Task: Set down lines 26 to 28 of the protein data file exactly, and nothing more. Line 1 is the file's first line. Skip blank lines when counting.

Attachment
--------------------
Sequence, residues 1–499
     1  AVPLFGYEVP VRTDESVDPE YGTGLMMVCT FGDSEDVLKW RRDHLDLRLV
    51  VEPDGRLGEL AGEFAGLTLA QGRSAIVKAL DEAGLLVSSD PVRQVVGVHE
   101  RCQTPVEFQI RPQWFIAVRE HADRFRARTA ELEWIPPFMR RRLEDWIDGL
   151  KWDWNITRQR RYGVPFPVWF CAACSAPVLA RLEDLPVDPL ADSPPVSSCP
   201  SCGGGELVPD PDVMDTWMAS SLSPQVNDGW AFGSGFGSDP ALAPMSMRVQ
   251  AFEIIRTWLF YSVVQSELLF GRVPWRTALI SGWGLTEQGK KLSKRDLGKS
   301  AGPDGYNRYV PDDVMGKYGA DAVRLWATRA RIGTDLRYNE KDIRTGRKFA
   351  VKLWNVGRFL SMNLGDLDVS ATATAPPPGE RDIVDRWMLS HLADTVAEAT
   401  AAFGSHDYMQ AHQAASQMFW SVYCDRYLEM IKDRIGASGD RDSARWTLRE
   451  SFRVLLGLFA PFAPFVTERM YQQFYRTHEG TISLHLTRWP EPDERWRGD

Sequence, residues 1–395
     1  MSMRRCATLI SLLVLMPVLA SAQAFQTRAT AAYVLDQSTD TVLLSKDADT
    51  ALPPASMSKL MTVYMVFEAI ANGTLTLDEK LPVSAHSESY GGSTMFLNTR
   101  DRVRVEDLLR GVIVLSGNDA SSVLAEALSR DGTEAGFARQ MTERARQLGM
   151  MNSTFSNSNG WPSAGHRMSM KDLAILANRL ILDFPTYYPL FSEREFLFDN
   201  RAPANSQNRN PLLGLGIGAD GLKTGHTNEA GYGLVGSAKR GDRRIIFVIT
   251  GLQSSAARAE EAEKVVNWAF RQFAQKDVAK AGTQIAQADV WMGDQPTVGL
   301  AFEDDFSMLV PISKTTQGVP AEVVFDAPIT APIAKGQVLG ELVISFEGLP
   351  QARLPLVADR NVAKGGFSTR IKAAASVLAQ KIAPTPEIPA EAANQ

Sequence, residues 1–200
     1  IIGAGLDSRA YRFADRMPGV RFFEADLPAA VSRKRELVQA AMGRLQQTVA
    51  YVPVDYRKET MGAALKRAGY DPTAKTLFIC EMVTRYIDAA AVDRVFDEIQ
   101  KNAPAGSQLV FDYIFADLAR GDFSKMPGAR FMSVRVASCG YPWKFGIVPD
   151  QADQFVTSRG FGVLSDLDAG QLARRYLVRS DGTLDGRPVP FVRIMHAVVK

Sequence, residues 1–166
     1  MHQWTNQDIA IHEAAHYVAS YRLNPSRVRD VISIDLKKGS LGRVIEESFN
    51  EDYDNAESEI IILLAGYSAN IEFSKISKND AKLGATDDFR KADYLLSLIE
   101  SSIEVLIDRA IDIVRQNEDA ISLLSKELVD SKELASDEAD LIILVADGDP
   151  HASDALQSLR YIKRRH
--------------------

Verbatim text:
Sequence, residues 1–166
     1  MHQWTNQDIA IHEAAHYVAS YRLNPSRVRD VISIDLKKGS LGRVIEESFN
    51  EDYDNAESEI IILLAGYSAN IEFSKISKND AKLGATDDFR KADYLLSLIE